[CentOS] your advice on backup procedure
steven.crothers at gmail.com
Fri Mar 23 21:28:43 EDT 2012
Snapshot the lvm and rsync it to your house. Then wipe out the snap.
Seems easiest. Though it won't be the best for things like running
Sent from my iPhone
On Mar 23, 2012, at 8:20 PM, Bob Hoffman <bob at bobhoffman.com> wrote:
> Hello all,
> I am down to my last hurdle of my project, backups.
> I am thinking of three different ways to go and wanted to ask for input
> on what you think is the better choice.
> Not asking for 'how to' but more of 'what is best in your experience'
> The scenario...
> centos server acting as a virtual host. Virtual machines are webservers
> and dns servers. All on one machine, all running centos 6.
> Virtual machines are kvm, sitting in lvm storage.
> What I want to do..
> auto backups of the virtual machines to be stored on the virtual host's
> extra drives for later download to my home computer.
> Many backup solutions and programs seem centered on a network of
> computers with file sharing. I do not have this and don't think I want
> to go that way on my host.
> My three thoughts, not sure which one to pursue...
> (involves certain folders, /home/ (which includes maildir), /var/www/,
> /mysqlhotcopys and bin files, and maybe a few more. I can rebuild the
> comp pretty quick and then restore, or maybe just do one big backup of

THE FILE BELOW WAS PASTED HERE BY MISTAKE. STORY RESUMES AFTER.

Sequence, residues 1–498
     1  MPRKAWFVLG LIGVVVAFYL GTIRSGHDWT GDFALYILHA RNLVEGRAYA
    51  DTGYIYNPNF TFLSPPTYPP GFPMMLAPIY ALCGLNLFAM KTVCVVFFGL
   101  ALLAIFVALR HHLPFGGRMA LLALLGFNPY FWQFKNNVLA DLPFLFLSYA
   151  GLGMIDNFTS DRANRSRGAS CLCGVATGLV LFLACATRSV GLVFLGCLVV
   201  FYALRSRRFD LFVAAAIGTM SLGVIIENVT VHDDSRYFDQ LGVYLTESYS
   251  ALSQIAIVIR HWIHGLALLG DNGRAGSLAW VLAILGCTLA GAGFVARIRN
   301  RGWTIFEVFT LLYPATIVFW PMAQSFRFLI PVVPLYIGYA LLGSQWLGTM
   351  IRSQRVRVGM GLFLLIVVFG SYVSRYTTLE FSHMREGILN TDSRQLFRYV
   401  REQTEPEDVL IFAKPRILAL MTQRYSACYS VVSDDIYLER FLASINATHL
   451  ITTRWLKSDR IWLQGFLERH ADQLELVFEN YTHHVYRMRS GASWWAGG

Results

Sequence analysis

> each server, then work on the folders as a solution)
> 1- Amanda. I do not know much about it or how it would deal with mysql
> databases, but it look promising. I do not have a NFS in place on any of
> the installs.
> 2- rsnyc - some kind of rsync going from the host to each machine,
> putting it on the host's backup drives. Adding a mysql hotcopy of some
> kind on the VMs, along with bin files, saved to a special folder that
> will then be part of the rsync. Once a week full of both rsync and
> mysqlcopy, then incremental daily.
> 3- Use kpartx ? and access the lvm the VM is on to rsync internally on
> the host, ditto above with the mysql copy/bin setup.
> Number 3 seems like it is the securest way, but obviously not much info
> out there on it.
> Number 2 seems like the 'old way' and will require some real work to get
> it right
> number 1 looks good, but do not really know anything about it.
> Which way would you go, or do you have a different way you like better?
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